Boast in the Lord and Him only. We may think we’re pretty good compared to others, but not compared to God. We’re just not that good. All other boasting is ludicrous and dangerous.
The other day, I laughed as I overheard four siblings constructing a major building block project. They had gotten along quite well, but now were disagreeing on the finishing touches. Finally, Evan announced, “Here let me do it! Boys are better than girls!”
Shayla, the oldest of the group, placed her hands on her hips, and with eyebrows lowered glared at him in disbelief. His remark obviously stuck a uncomfortable chord with her. Karli, the younger sister, backed off obligingly, pondering the weight of her brother’s comment while beginning to question her own ability. Four-year-old Sara didn’t miss a beat. She gently but firmly shoved the boaster off to the side, “You’re good, Evan, but you’re not that good!”
I laughed until I felt the nudge of Holy Spirit gently, but firmly, speak similarly to me. He was reminding me how easily I too step in with over-confidence, when humility and tact would be more appropriate. Boasting in ourselves usually doesn’t end up well — for kids or adults, male or female.
“Let someone else praise you,
and not your own mouth;
an outsider, and not your own lips.”
Such boasting in ourselves never produces the results we would like. Boasting must have been an issue in the Corinthian church because it was the first problem Paul dealt with.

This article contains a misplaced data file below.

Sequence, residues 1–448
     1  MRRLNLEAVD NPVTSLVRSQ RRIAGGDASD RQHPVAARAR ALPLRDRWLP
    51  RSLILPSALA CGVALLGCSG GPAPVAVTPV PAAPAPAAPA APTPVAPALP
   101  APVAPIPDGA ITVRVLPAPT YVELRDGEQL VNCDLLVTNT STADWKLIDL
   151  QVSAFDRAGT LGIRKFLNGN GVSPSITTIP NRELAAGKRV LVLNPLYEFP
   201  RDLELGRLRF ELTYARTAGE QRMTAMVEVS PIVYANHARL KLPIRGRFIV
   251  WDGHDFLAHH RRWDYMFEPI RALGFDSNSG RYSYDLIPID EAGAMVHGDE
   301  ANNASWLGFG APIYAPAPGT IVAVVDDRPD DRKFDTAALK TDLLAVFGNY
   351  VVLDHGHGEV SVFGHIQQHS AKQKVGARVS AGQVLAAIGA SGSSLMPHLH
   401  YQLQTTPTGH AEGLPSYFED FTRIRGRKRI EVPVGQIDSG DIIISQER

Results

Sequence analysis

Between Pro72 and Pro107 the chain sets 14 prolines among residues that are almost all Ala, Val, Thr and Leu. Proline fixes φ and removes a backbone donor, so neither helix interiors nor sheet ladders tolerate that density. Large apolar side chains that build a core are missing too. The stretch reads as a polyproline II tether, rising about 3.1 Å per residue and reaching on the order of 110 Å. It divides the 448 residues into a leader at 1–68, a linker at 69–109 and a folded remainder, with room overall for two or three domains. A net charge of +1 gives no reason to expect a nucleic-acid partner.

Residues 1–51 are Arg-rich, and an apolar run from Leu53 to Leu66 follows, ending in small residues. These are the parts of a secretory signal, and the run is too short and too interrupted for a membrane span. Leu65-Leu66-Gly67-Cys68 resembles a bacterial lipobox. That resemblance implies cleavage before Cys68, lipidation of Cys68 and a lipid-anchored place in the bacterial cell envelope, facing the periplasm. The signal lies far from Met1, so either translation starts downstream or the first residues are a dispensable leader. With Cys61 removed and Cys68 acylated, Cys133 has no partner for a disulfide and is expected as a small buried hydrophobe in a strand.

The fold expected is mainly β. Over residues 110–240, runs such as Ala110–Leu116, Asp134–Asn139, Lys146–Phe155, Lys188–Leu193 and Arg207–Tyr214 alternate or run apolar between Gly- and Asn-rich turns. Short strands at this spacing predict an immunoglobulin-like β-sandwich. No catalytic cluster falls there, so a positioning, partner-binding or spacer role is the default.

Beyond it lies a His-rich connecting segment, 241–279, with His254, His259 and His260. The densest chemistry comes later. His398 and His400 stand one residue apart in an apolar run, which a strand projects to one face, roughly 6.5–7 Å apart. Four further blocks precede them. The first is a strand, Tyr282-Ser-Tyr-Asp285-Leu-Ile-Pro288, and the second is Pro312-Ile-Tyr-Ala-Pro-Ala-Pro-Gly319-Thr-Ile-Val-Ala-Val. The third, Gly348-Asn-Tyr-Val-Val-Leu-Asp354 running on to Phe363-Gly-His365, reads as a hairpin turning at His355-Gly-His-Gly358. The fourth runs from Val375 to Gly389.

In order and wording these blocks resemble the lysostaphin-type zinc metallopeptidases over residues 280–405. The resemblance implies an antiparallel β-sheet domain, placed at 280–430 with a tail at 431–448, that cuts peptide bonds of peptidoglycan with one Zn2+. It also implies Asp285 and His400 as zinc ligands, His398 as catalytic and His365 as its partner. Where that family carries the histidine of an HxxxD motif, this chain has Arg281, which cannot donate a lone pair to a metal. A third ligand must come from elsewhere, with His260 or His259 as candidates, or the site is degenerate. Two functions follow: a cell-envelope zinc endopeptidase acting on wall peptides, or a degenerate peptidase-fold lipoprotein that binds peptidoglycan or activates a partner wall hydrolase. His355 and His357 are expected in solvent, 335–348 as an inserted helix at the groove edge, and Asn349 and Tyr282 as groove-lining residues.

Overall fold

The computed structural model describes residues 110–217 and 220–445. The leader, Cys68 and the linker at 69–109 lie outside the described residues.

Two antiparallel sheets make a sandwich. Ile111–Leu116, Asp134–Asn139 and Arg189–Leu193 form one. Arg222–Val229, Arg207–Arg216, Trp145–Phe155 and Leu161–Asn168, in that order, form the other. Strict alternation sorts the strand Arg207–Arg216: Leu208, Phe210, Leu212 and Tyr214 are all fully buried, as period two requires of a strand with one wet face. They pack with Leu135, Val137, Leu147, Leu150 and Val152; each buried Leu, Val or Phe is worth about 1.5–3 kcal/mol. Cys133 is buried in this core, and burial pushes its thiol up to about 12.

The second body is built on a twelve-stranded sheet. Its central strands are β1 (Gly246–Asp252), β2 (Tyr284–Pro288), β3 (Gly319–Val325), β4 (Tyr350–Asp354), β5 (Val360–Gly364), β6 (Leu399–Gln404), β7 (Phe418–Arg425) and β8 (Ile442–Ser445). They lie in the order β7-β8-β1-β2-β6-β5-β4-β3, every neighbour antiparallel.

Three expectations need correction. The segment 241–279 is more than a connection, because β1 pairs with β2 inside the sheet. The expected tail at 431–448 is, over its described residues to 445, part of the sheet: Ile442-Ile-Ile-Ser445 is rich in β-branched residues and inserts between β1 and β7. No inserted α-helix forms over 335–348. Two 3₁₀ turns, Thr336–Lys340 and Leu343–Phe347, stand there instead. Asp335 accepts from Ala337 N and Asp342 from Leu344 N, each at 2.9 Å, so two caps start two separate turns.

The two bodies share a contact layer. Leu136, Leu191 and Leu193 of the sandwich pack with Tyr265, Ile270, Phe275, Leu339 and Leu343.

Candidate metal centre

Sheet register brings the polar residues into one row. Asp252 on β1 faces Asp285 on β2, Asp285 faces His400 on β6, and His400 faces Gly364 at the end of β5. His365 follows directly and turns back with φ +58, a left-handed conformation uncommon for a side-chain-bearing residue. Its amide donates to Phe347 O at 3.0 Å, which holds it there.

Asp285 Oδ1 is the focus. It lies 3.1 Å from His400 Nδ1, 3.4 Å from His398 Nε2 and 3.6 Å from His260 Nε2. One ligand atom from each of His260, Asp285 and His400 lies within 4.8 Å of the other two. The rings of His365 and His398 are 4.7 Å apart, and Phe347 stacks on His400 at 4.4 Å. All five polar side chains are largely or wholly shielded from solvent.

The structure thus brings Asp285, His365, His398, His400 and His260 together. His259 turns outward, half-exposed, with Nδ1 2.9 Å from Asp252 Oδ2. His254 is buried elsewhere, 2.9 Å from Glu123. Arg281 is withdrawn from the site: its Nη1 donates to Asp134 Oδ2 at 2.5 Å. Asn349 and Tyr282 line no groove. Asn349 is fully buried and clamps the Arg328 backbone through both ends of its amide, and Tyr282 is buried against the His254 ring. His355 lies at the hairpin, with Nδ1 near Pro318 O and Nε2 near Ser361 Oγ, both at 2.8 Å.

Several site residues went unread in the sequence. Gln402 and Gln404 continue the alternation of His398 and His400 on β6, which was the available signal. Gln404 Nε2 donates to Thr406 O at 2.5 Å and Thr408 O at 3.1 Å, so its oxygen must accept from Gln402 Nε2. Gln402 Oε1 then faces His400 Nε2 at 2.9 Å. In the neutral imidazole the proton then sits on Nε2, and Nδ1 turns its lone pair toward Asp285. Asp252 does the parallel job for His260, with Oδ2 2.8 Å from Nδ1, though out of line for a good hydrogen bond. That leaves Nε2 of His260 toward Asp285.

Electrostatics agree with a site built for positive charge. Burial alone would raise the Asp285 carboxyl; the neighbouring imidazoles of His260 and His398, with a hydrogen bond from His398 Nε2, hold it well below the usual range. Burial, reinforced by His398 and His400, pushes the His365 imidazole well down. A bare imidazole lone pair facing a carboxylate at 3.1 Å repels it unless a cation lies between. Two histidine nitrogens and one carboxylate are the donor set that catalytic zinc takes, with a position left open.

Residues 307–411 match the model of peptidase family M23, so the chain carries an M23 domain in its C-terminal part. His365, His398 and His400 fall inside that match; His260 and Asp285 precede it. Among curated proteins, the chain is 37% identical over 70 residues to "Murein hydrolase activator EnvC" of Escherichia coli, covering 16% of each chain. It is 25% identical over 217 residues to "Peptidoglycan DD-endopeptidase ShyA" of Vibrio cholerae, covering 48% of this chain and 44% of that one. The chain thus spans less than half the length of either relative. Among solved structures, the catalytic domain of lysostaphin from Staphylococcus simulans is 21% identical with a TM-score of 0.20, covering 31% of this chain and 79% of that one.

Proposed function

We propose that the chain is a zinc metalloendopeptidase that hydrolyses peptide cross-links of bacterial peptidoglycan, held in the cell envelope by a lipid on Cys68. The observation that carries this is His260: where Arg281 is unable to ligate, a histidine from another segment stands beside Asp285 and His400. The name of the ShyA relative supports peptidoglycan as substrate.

“Therefore, as it is written:
‘Let the one who boasts boast in the Lord.‘”
I Corinthians 1:31
I have discovered that often boasting partners with insecurity rather than confidence. Those who accurately measure their talents, abilities or expertise, don’t need to boast; their works speak for themselves. Those who feel a need to be publicly noticed or appreciated tend to boast to elevate and validate themselves before others. Such tactics usually backfire.
“Pride goes before destruction
and a haughty spirit before a fall.”
Unless you think, for even a moment, I am pointing my finger at anyone else, rest assured, I’m not! God orchestrated this little incident with these young children to get my attention. Although amusing, it speaks directly to some boastful thoughts incubating in me.
Not That Good
Sara’s small but firm voice, “You’re good, but you’re not that good” has been resonating in my ears. I’m asking God to show me places where I overthink my own worth or accomplishments. I have always struggled to receive compliments well. Insults, I’m able to handle more readily, but accolades can trip me up.
I’m not alone! Perhaps the chief danger zones for most of us are pride, praise, and power. These each have a way of ultimately revealing our true nature.
“Brothers and sister, think of what you were
when you were called.
Not many of you were wise by human standards;
not many were of noble birth.”
1 Corinthians 1:26
Having no claim to either nobility or wisdom, this verse resonates with me. Though my parents gave me a generous start, my beginnings were humble. Any wisdom I possess, came from a gracious God and the school of many mistakes.
Quite frankly, I’m not that good! I hate to break it to you, but in the words of Sara, “You’re good, but you’re not that good” either.